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Lower amps often mean heat for the water isn't continuous or less. Better to run a new circuit for full amperage or you may end up with less then satisfactory results.
 
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Old 02-25-10, 04:46 AM
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Exterior: In conduit to a disconnect. From the disconnect to a 40A (rated) panel with a 30A 2P gfci-circuit breaker. From the breaker to the hot tub.

So what you all seem to be saying, is that running a separate ground to the main panel would be safe, though maybe or maybe not code, depending on your interpretation of retrofit?

The reason for the 30A tub is there are already two sub panels hanging of the main. I don't think my system can spare another 20 or 30 amps without a major redo. Also my sister has a 110V hot tub in northern Ohio and it heats just fine (no jets when it's very cold out though). I think 240V 30A will be plenty in the deep South.
 
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Old 02-25-10, 08:15 PM
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Originally Posted by lusth View Post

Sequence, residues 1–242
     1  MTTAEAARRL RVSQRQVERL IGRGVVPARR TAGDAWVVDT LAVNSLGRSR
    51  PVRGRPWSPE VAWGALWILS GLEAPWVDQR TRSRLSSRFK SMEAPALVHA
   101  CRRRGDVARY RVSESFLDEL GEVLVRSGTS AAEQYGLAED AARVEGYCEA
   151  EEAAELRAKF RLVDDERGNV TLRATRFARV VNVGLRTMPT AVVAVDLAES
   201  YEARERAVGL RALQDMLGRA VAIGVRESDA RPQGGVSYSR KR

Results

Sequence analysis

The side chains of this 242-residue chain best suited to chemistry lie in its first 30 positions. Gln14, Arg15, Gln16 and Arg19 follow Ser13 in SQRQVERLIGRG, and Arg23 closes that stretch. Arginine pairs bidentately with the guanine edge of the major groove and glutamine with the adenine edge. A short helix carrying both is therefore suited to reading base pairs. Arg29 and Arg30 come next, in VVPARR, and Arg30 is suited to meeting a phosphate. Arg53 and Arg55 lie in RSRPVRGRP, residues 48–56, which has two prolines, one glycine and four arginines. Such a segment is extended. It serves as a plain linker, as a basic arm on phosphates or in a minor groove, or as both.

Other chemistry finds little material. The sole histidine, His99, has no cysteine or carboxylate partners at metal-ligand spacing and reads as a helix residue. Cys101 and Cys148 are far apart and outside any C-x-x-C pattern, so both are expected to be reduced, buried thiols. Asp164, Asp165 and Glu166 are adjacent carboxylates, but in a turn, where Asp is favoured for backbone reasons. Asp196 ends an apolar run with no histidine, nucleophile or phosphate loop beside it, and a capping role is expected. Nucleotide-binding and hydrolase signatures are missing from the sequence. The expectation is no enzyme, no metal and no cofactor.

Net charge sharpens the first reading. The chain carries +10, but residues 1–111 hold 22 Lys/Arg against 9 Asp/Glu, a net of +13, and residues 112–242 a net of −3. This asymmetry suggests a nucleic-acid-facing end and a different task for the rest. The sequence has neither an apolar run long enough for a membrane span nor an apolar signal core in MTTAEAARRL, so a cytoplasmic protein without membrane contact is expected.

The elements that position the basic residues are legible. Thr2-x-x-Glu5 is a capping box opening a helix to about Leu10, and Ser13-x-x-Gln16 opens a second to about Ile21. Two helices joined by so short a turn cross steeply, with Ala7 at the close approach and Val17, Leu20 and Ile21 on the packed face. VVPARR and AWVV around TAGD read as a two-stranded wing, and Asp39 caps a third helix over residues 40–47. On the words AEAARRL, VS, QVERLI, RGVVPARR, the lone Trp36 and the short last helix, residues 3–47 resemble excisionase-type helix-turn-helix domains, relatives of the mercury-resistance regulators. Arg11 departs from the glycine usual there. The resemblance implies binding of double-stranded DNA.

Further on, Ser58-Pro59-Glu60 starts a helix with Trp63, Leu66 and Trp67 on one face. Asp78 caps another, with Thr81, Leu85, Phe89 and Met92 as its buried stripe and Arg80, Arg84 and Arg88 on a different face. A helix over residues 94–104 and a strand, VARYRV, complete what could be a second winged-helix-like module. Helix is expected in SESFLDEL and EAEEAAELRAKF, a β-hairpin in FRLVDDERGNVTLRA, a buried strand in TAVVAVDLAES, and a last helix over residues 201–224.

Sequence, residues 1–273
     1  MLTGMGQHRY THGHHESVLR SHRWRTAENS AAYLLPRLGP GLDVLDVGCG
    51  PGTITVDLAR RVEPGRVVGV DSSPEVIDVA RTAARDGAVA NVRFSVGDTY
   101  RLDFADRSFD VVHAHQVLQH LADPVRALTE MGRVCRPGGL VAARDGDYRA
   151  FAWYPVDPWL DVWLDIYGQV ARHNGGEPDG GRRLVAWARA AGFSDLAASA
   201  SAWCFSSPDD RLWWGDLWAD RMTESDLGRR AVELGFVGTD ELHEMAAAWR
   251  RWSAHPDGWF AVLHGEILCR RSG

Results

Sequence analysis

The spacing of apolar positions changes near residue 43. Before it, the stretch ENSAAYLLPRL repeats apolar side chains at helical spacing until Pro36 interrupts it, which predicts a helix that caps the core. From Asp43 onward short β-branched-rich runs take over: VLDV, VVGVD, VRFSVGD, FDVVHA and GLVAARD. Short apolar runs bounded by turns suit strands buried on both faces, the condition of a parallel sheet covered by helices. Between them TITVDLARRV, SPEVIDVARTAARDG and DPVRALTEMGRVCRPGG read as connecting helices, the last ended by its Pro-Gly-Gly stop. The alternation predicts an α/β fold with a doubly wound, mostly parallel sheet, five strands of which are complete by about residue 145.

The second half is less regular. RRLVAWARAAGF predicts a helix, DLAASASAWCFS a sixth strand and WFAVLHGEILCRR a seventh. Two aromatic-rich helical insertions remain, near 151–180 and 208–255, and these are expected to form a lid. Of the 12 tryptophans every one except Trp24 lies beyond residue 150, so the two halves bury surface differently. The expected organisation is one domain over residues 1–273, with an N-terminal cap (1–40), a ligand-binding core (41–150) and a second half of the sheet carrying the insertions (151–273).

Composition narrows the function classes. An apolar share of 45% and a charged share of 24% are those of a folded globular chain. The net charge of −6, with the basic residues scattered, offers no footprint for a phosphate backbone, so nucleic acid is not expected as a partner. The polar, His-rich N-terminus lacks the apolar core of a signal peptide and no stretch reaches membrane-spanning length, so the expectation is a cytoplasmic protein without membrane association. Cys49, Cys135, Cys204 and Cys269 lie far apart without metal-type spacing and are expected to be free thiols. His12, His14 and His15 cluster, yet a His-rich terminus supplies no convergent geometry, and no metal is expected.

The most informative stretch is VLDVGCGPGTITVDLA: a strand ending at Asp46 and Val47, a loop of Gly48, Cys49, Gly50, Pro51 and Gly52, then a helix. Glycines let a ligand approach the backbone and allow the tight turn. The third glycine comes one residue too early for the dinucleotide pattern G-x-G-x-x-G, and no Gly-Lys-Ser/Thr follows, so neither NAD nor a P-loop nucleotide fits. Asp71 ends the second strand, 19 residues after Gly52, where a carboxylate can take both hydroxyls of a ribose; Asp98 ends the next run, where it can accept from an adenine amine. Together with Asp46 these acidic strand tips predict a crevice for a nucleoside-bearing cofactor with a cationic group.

Exterior: In conduit to a disconnect. From the disconnect to a 40A (rated) panel with a 30A 2P gfci-circuit breaker. From the breaker to the hot tub.

So what you all seem to be saying, is that running a separate ground to the main panel would be safe, though maybe or maybe not code, depending on your interpretation of retrofit?

The reason for the 30A tub is there are already two sub panels hanging of the main. I don't think my system can spare another 20 or 30 amps without a major redo. Also my sister has a 110V hot tub in northern Ohio and it heats just fine (no jets when it's very cold out though). I think 240V 30A will be plenty in the deep South.
"The safe way to do it is to run a new circuit with a ground wire and use a GFI breaker disconnect spa panel at the tub."

I still think you should run a new circuit with a ground wire. If you go ahead and do it your way, be sure the disconnect with the GFI breaker is NEMA3R rated (raintight). The safe way to do the whole thing is to follow the NEC.
 
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Old 02-26-10, 06:19 AM
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The gfci panel is an outdoor panel. I assume that means it is rain tight?

Any suggestions for pulling a new wire? The main panel is exterior (!). I assume I would cut the old wire where it drops down into the crawl space, attach the new wire to the panel end of the cut, and then pull the new wire into the panel by pulling the old wire back out of the panel.

What if the old wire is stapled in the walls?
 
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Old 02-26-10, 09:34 AM
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What if the old wire is stapled in the walls?
It probably is. Simpler to abandon in place and shove out of the service panel into the wall. Do the same at the kitchen end.
Any suggestions for pulling a new wire? The main panel is exterior
Yes. Run conduit down the ouside wall to the crawl space and across. Be sure to use an insulated ground.
 
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Old 02-26-10, 03:36 PM
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Will do. Thanks for the help!